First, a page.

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Wednesday, 11 May 1994
Page: 583


Senator BOLKUS (Minister for Immigration and Ethnic Affairs and Minister Assisting the Prime Minister for Multicultural Affairs) (11.19 a.m.) —What I was alluding to earlier was that a balance is struck in the legislation between the concept of ministerial responsibility and the concept of the Privacy Commissioner having the capacity to make an impact on public debate. The government's position thus far has been that under the legislation the Privacy Commissioner should report to parliament through the responsible minister. That is in the legislation and that reflects the Westminster system of ministerial responsibility.

  Senator Harradine asked what happens in the preparation of legislation. Government departments have a capacity to get advice through the Attorney-General's Department. That is the formal channel that is recommended and encouraged to be used—and is the formal channel that will continue to be encouraged to be used. The role of Attorney-General is pivotal in terms of the provision of that advice in terms of the bureaucracy and the parliament.

  In passing the Privacy Act and the legislation governing the Privacy Commissioner's powers, the parliament took into account the fact that on some occasions it would be in the public interest to release advice on legislation. Under section 31 of the Privacy Act the Commissioner is able to make an initial report to the minister concerning a proposed enactment. That is there already. He also has the capacity to make a second report where it is in the public interest to do so. In essence, there is the capacity for the Privacy Commissioner to make an assessment as to whether it is in the public interest to provide information publicly to a member of parliament or to a broader constituency. That legislative regime ensures that the ministerial responsibility channel is the pivotal part of it. What Senator Spindler is proposing would detract from that structure in the legislation.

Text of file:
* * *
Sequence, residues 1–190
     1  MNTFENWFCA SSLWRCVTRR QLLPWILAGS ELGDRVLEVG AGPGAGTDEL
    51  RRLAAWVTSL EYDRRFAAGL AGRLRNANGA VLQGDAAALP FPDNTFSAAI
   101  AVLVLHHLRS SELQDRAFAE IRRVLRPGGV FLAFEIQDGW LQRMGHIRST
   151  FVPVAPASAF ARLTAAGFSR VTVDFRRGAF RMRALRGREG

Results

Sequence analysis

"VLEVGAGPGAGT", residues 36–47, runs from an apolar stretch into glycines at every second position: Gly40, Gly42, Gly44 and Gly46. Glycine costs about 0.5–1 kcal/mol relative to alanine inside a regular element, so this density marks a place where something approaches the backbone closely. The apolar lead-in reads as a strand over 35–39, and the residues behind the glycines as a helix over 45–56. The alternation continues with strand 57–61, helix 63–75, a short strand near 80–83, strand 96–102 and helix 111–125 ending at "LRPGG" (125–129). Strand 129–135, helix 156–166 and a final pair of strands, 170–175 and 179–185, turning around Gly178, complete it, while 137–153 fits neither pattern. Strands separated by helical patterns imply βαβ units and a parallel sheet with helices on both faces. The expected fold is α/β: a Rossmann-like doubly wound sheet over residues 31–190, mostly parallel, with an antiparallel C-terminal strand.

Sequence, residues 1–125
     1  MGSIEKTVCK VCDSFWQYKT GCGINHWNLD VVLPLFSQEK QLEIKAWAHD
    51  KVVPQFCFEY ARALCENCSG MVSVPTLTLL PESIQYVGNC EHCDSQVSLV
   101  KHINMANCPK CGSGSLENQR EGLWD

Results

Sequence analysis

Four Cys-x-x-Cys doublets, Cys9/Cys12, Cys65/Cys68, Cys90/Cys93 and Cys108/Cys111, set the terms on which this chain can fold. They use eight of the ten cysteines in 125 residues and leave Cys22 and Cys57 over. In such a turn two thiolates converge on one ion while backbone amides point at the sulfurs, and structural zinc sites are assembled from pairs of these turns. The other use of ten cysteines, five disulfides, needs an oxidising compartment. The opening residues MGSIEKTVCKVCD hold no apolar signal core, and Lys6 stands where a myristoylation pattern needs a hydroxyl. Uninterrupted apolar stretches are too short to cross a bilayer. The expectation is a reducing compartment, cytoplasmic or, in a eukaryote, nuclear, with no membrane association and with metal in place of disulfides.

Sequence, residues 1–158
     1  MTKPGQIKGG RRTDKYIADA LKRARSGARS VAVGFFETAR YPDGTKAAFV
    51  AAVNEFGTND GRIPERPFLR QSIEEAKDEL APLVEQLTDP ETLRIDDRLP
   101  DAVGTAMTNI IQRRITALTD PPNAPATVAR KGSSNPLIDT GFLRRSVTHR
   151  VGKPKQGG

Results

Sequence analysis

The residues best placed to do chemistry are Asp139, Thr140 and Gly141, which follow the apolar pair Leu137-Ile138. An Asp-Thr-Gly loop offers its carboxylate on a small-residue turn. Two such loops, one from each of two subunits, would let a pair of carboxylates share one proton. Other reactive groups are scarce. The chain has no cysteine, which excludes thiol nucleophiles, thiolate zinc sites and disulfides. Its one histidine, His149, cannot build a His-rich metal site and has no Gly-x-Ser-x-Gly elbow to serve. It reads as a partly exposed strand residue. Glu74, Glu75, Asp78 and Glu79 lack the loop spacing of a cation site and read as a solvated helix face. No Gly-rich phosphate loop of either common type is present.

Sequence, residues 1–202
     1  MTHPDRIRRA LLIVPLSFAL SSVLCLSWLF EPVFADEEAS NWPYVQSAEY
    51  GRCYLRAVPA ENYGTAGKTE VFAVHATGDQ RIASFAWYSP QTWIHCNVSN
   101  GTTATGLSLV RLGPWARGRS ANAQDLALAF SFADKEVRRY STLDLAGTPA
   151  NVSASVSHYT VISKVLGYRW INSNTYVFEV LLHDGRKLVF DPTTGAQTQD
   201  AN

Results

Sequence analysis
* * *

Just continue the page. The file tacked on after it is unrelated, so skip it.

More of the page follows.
One reason it is felt that mechanism is important is that it will ensure the Privacy Commissioner has an ongoing role in the cabinet deliberative processes. If we were to do things as broadly as Senator Spindler suggests, I think there would be a conflict of interest. The Privacy Commissioner would be responsible openly to whoever wants to write to him or her and, at the same time, would have a role in the cabinet deliberative process. The structure is set up to reflect the important role the Privacy Commissioner plays in the deliberative process. At the end of the day, if he or she is not happy, the commissioner has the capacity to issue a second report, if it is in the public interest to do so.

  There is also capacity in the Privacy Act for a mechanism for the reports of the Privacy Commissioner to be tabled in parliament to enable members to have the benefit of the commissioner's views. There is the capacity for public awareness of the Privacy Commissioner's views, and at the same time there is a consideration in the legislation that the confidential and deliberative role in the cabinet process that the Privacy Commissioner plays needs to be protected. I hope that answers Senator Spindler's question.